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Louisville officials propose $80M spending plan to reopen libraries, expand child care

Louisville Mayor Greg Fischer speaks at a podium in Metro Hall alongside Council members Cassie Chambers Armstrong (right) and Jecorey Arthur (left).
Louisville Mayor Greg Fischer speaks at a podium in Metro Hall alongside Council members Cassie Chambers Armstrong (right) and Jecorey Arthur (left) on Tuesday, April 26, 2022.

Louisville Mayor Greg Fischer and a bipartisan group of Metro Council members released a proposal Tuesday for spending nearly $80 million in federal pandemic relief on neighborhood projects ranging from park improvements to new library branches.

If approved, it would be the city’s fourth round of spending from the roughly $390 million it received from the American Rescue Plan Act, passed by Congress last year. 

Louisville Metro has already appropriated funding for eviction diversion and vaccination outreach, as well as police reforms and affordable housing. The latest proposal would leave $53 million for workforce development projects that are still up for discussion.

The spending plan released Tuesday earmarks $51.8 million for “healthy neighborhoods,” which includes $5.8 million to reopen the Parkland and Fern Creek libraries and $6 million to expand the Baxter Community Center and create a new public park nearby.

“These investments represent transformational changes in many neighborhoods throughout Louisville, and it’s an opportunity to convert a list of projects we always hoped we could do into reality,” Fischer said. 

The healthy neighborhoods proposals also include $7.5 million to expand access to quality child care options across Jefferson County. 

District 8 Metro Council Member Cassie Chambers Armstrong, a Democrat, said that funding could be used to provide small loans to create new early learning centers and upgrade existing playgrounds. Chamber Armstrong sponsored an ordinance, recently approved by Metro Council, that eases zoning restrictions on child care facilities.

“This [proposal] is a significant step forward for the youngest children in our city,” she said Tuesday.

Other healthy neighborhoods projects that could get funding include:

  • $10 million for environmental remediation at the Rhodia brownfields in west Louisville
  • $8 million for the renovation and expansion of the main Louisville Free Public Library branch downtown
  • $5 million for renovations to the Norton and Algonquin public pools
  • $2 million for improving broadband internet access across Jefferson County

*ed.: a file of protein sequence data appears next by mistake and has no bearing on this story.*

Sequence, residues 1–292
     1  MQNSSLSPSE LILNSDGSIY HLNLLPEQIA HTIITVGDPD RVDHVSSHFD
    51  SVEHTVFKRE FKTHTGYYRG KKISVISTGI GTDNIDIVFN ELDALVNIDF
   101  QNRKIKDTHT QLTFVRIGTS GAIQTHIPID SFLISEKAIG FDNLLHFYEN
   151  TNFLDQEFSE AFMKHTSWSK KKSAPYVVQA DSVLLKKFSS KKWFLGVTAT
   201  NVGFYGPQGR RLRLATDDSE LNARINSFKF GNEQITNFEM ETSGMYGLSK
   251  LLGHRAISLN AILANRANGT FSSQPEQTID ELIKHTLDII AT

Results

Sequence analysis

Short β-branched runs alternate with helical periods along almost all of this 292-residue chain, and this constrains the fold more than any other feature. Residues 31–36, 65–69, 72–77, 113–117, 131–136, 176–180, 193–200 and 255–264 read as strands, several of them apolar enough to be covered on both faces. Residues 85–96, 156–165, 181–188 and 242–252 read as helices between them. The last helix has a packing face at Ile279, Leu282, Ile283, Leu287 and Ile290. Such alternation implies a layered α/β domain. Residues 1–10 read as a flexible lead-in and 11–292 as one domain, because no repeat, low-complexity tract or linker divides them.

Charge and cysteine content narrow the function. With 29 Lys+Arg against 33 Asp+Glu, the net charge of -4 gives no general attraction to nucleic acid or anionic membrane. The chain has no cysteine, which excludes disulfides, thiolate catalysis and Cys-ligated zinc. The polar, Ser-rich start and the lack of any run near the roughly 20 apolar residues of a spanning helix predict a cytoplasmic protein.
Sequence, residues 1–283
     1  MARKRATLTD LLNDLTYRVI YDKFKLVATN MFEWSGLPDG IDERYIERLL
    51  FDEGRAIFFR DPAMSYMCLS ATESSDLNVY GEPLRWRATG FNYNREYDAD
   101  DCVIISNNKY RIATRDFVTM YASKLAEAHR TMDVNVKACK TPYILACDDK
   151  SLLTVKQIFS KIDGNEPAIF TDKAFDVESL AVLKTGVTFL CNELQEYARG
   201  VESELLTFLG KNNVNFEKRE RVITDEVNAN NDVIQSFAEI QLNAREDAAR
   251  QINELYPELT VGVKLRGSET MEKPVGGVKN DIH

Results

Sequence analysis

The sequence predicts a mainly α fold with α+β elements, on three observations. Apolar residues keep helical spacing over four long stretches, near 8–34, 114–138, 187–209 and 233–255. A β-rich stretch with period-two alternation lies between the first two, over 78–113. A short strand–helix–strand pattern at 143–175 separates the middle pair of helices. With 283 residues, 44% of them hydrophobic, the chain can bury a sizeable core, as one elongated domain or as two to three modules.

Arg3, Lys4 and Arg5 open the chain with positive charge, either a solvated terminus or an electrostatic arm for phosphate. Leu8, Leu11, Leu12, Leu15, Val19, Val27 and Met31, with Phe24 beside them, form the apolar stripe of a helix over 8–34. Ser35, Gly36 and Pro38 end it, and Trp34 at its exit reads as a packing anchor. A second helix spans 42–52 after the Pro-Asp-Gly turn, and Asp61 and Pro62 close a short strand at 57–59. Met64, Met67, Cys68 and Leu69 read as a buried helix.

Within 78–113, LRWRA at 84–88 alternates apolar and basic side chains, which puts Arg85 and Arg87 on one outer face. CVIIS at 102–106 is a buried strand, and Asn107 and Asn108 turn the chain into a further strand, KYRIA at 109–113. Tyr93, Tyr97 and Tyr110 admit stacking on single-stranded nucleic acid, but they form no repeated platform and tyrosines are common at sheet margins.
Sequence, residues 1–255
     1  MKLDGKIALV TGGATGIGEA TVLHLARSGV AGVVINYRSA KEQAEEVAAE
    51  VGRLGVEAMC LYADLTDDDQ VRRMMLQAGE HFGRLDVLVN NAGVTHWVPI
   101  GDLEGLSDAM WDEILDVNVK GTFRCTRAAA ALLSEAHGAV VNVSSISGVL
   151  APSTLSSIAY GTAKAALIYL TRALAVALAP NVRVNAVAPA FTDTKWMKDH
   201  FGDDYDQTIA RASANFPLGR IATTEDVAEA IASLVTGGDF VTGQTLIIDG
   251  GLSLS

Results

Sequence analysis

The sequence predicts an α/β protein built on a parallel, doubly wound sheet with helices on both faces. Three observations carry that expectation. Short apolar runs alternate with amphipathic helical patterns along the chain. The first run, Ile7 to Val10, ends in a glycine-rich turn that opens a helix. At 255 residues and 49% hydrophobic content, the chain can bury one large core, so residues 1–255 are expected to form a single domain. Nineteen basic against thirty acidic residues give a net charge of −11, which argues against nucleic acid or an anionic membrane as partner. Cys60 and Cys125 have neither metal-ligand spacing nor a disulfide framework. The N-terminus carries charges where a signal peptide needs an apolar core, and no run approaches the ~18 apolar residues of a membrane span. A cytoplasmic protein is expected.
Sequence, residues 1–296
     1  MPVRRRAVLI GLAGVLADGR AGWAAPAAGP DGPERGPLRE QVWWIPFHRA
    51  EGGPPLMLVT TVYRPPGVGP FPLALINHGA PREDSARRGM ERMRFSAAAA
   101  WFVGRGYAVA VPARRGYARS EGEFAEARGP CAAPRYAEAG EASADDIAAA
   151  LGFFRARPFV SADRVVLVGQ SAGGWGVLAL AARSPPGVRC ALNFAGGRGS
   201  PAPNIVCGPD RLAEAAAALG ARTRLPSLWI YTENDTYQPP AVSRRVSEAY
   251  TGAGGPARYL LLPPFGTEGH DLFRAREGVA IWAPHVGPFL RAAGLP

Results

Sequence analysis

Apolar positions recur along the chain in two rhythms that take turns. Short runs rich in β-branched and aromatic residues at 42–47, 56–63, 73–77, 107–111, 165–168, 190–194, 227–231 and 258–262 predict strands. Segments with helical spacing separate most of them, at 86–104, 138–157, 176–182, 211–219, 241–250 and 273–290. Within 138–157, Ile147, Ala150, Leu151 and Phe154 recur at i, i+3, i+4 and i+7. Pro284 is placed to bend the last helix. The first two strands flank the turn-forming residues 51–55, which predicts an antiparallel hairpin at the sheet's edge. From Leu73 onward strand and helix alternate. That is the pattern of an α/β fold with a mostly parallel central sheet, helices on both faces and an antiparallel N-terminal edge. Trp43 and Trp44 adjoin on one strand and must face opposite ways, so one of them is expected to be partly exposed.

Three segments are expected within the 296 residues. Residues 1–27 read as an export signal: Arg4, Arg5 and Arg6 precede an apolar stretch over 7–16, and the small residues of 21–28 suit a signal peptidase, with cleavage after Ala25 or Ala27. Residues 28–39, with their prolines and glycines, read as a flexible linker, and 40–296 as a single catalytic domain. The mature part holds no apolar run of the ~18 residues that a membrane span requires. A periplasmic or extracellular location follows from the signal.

• $2.5 million for restoring the Chickasaw Pond for community use
  • $2 million to create an electronic records system for Louisville Metro Public Health and Wellness

The proposal would cover projects aimed at improving programming and resources for Louisville’s young people, too. 

Officials want to spend $8.5 million on developing a Youth Development System, overseen by the Office of Safe & Healthy Neighborhoods (OSHN), for residents between the ages of 10 and 24. It would coordinate all the city’s youth-focused nonprofits and manage a new fund for providing grants to those organizations. 

Council Member Jecorey Arthur, a Democrat representing District 4, said the funding would help more parents connect to the services that are out there.

“I’ve been serving youth over the past decade and I hear so often, ‘We don’t have anything for our kids to do,’” he said. “I can honestly say that’s not true. We have thousands of programs, tens of thousands of people dedicated to serving our youth, but unfortunately they don’t always have the resources that they need to succeed."

Some of that funding would also allow Louisville to bring back ‘neighborhood youth boards’ in each of the 26 Metro Council districts. The 15-member boards will allow young people to engage with elected officials on future policies and programming.

“Our youth are ready to do that,” Arthur said. “We always talk about how they’re the future, well they’re the right now.”

Funding for student housing at Simmons College of Kentucky, the ongoing public health response to COVID-19 and a re-entry program for formerly incarcerated people bring the total tally of the proposal to around $87.4 million. 

The spending plan was submitted to Metro Council on Monday in the form of an ordinance. It’s expected to get a first hearing from the Budget Committee on May 12 and could receive a final vote as early as May 19, if there are no changes to the plan. 

The ordinance is currently sponsored by a bipartisan group of six Metro Council members, including three Democrats — Council President David James of District 6, Bill Hollander of District 9 and Markus Winkler of District 17 — and Republicans Kevin Kramer of District 11 and Robin Engel of District 22. 

Support for this story was provided in part by the Jewish Heritage Fund.

News Youth Reporting
Roberto Roldan is the City Politics and Government Reporter for WFPL. Email Roberto at rroldan@lpm.org.

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